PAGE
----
"His initial package included higher sales taxes, as well as income tax hikes that dipped down to those making $250,000 a year. A coalition of progressive groups and the California Federation of Teachers didn’t feel the package could succeed at the ballot box," Dayen writes. "They organized an ad hoc coalition, and armed themselves with polling data showing a more plausible path to get voters to agree to revenue increases and break the long-standing tax revolt."
The coalition didn't get everything they asked for. A small sales tax increase remained, for instance. But Brown changed the initiative significantly in response, arguably helping its prospects. He deserves credit for his role in the proposition, but he was more of a vessel for a broader current of left-of-center ideas than the driving force behind them.
Why it could all fall apart
Brown's biggest failing, however, has less to do with ideology than the absence of any real plan to prevent future fiscal calamities. California's crisis was caused, ultimately, by an overabundance of veto points that combine to make it just too hard to pass budgets. Until 2010, budgets needed supermajority approval. Tax increases still do, because of 1978's Proposition 13. Other ballot propositions can impose fiscal constraints on the legislature that it can't easily undo, and even apart from the two-thirds requirement, Proposition 13 makes it extremely difficult to increase property tax revenue, normally a workhorse of state and local government.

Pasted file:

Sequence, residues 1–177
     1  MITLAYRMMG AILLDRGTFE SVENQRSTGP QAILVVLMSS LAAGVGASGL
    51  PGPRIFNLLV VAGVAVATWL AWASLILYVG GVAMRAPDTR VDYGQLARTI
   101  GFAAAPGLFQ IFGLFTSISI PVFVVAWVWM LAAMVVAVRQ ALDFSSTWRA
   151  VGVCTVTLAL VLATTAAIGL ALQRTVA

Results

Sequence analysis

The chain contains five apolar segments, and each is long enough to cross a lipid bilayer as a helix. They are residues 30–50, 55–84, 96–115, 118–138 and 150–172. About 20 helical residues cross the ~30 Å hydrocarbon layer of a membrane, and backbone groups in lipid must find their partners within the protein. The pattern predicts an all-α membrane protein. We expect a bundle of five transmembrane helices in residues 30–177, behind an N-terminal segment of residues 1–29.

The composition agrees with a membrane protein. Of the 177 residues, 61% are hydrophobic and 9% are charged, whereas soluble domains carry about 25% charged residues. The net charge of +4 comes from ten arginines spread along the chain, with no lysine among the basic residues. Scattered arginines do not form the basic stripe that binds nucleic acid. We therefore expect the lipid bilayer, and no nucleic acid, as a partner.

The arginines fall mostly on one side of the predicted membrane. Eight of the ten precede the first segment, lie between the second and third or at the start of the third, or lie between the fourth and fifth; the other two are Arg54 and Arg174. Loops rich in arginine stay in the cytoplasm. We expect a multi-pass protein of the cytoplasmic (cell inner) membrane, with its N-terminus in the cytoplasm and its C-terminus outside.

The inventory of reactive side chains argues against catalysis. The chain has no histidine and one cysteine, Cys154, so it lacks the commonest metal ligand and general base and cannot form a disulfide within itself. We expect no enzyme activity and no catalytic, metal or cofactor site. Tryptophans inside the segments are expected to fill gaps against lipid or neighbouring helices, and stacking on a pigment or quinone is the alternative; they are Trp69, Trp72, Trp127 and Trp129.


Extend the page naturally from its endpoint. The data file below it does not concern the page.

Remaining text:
Brown got around these problems via propositions of his own. But Proposition 30 is a temporary measure. What's more, in all likelihood another recession will one day hit and cause a shock to the state's revenues as highly progressive income taxes are especially vulnerable to the ups and downs of the business cycle. Because of the state's balanced budget requirement, that will force tax hikes or spending cuts, and because of the above factors, the bias will continue to be toward spending cuts. Even if there isn't a recession, revenues coming from the ongoing tech boom could shrink if that industry takes a turn for the worse, also necessitating a readjustment.